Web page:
Cantor Lab Research

  • Overview

    We explore how environmental factors impact human cell metabolism with relevance to hematological cancers and immunology

    Cancer cells require metabolic adaptations to satisfy demands of proliferation and survival. Though this framework of metabolic rewiring is a nearly universal characteristic of cancer, the mechanisms and contexts that dictate various metabolic preferences and liabilities harbored by malignant cells remain poorly understood. Similar to malignant cells, normal lymphocytes must also adapt metabolism to satisfy proliferative demands upon their activation from a naïve state. In addition, emerging evidence suggests that transitions in the metabolic phenotype of different immune cells are also directly linked with differentiation and various effector functions. Taken together, interest to exploit altered cancer metabolism or to modulate immunometabolism for patient benefit will require an improved understanding of the metabolic regulation, preferences, and requirements of these diverse cell types. Given the scope and flexibility of experimentation possible through the study of cultured cells, in vitro models remain essential systems for addressing fundamental questions in human cell biology as well as for developing therapeutic pipelines.

    However, while the influence of environmental factors on cellular metabolism has become increasingly appreciated, conventional models fail to recapitulate physiologic conditions and also limit efforts to interrogate distinct aspects of the environment in isolation.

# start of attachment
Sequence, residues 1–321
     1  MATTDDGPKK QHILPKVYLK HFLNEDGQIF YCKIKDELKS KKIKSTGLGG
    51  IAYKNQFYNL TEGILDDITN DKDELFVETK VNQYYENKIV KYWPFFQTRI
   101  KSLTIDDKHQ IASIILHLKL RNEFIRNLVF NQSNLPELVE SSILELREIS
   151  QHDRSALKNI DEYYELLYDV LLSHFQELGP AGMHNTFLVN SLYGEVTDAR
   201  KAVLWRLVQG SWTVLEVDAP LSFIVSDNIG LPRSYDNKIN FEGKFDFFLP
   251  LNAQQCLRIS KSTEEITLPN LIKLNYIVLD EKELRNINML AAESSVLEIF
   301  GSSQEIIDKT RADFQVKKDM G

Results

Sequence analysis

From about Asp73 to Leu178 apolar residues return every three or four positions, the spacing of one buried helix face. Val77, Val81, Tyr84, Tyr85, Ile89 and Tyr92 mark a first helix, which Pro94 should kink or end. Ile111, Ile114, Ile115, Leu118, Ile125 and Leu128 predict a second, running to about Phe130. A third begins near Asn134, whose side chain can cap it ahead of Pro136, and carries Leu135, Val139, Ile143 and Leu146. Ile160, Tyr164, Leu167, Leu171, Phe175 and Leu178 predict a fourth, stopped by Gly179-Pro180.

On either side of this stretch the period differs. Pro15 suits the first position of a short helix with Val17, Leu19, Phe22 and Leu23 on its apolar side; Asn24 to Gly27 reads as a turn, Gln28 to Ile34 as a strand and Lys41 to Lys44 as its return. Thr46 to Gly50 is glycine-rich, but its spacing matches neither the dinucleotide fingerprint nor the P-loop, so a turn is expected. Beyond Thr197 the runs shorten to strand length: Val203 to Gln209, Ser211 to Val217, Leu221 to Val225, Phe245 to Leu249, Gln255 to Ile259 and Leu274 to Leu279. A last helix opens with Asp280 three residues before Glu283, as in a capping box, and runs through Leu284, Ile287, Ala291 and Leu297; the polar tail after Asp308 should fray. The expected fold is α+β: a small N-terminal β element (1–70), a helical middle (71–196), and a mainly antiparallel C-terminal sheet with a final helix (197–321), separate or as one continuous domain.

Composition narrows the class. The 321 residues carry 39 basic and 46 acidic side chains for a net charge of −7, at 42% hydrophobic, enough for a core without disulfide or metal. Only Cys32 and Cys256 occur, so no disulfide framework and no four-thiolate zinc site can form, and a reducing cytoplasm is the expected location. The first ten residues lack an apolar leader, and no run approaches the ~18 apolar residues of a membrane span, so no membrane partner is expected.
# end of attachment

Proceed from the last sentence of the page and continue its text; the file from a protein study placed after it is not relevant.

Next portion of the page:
Our lab is interested in combining cutting-edge technologies with novel tools that we develop to better understand how environmental factors influence the metabolic landscape of diverse hematological cancers and normal lymphocytes. We apply a highly interdisciplinary approach that combines principles from biochemistry, engineering, and molecular biology with methods in metabolomics, functional genomics, and chemical genetics.

    Our goal is to discover and characterize unforeseen biological (and pharmacological) phenomena that may have been missed or misinterpreted owing to the use of traditional in vitro (and perhaps even in vivo) model systems that poorly mimic physiologic conditions, and therefore, that inadequately capture the contribution of environmental factors to shaping cell metabolism. Ultimately, we hope to translate these findings into new therapeutic opportunities (e.g. small molecule targeted therapy or direct manipulation of environmental conditions) for cancer intervention.

  • Tool Development


    In previous work, we systematically developed a new cell culture medium (human plasma-like medium; HPLM) that contains a defined collection of > 50 polar metabolites and salt ions at concentrations that reflect the average values of those reported for normal adult human plasma. We then demonstrated that, relative to culture in an established medium, HPLM induced widespread effects across the metabolic landscape of various cell types. Through the use of HPLM, we also discovered that uric acid, at concentrations present in human but not mouse plasma (nor established media), directly inhibits the enzyme UMP synthase (UMPS), which in turn, reduces cellular sensitivity to the classic chemotherapeutic 5-fluorouracil (5-FU) (Cantor et al., Cell, 2017).